As we have seen the situation in Europe is not very encouraging compared to the USA. Europe had the same policy starting point than USA, but evolution has been dissimilar, delivering different results.
However, the good news is that European regulators and politicians are increasingly recognising the competitive advantage and productivity enhancement that deployment of the latest telecom infrastructure can provide, and start making steps to see policies that will foster the necessary investments.
As Europe has just elected a new Parliament and a new Commission, there is an opportunity to rethink it all again and reform the existing regulatory framework and Telecom Single Market proposals. Europe has an opportunity to evolve to a more flexible and lighter regulatory telecommunications framework enabling the recovery of a growing path.
Regulation needs to evolve with market and industry. The key lies in striking the right balance between providing a level playing field, consumer protection and enabling innovation and sustainable growth for the industry. As Lowell C. McAdam, chief executive of Verizon Communications was recently saying “regulation must protect consumers and enable investment, while avoiding regulation that tries to outsmart the dynamic ecosystem.” “We believe a light-touch approach means a commitment by regulators to avoid adding artificial constraints on the marketplace that do not address a demonstrable harm to consumers".
It’s time to deliver, to accelerate Europe’s transformation with clear focus on supporting European networks and digital services. Policy priorities could start with the following:
1.- Ensuring that Europe becomes an Innovation & Investment friendly area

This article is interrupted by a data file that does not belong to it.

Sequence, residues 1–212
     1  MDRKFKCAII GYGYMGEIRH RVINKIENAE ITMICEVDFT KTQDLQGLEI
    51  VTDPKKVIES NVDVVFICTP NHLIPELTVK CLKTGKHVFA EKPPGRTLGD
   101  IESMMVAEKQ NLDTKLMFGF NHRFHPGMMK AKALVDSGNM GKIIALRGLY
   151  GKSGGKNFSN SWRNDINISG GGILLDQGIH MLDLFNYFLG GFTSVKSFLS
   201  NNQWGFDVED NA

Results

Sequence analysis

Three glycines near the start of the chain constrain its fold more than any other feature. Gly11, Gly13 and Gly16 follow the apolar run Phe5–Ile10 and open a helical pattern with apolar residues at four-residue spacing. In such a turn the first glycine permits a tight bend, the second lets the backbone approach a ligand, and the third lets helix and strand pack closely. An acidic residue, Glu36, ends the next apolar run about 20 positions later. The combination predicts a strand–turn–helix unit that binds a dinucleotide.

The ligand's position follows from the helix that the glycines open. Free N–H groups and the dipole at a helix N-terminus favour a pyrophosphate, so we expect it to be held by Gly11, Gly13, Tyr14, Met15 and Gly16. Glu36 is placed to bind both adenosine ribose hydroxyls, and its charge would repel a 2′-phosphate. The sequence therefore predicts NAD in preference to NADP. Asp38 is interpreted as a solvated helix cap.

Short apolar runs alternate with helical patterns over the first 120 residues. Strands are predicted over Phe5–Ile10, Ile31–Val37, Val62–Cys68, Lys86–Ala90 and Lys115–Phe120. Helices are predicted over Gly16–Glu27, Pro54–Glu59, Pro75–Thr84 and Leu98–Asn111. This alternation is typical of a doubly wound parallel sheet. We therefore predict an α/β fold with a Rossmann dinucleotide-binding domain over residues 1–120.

2.- Allowing the market structure to evolve towards its most efficient outcome, and
3.- Achieving a Level Playing Field
To facilitate innovation and an investment friendly area, we need a more market led approach, less regulatory driven, removing excessive ex-ante regulatory pressure, by
- Adapting regulation to new market structures, fostering investment, by avoiding tight access regulation that could become a barrier to the deployment of new technologies, especially when there is scope for infrastructure competition (e.g. having same rules in NGN for former “incumbents” than for cable, avoiding unnecessary regulation)
- Breaking out of the deflationary price spiral encouraged by cost oriented regulated prices, so pricing strategies can reflect the value of services, defined by the market.
- Providing more room for innovative commercial solutions especially with timely & neutral spectrum in global market and by ensuring a principles-based Open Internet policy, rather than prescriptive net neutrality rules preventing innovation and new commercial propositions
Revisit consolidation and competition framework, allowing speed to scale and efficiencies, when competing with global champions, in new digital industry, by:
- Letting players find the market structure that better serves the consumer & facilitates cost efficiency in capital-intensive industries
- Reviewing Competition framework on account of new digital business models with effective enforcement both to local and global players
- Fostering R&D framework, entrepreneurship, demand and digital skills
Apply “same services-same rules” principle, and consistent rules to all elements of value chain and with other regions, by
- Defining consistent rules for all elements of the value chain: Telecom operators subject to same rules than OTTs (Over-The-Top), when competing on same type of services (e.g. Skype for voice, Whatsapp for messaging, Netflix/YouTube for content distribution, Google, Apple, Amazon for all kind of cloud services…).
- Supporting a Strong digital confidence framework by establishing the most adequate and consistent Privacy & Security & Transparency rules as well as safeguarding that consumers will not get locked in any specific platform, by ensuring Interoperability and the Portability of their digital life.
Not to miss the boat of global digital industry, and stay ahead of consumer demands, a real change in policy is needed in Europe, to go from diagnosis to delivery.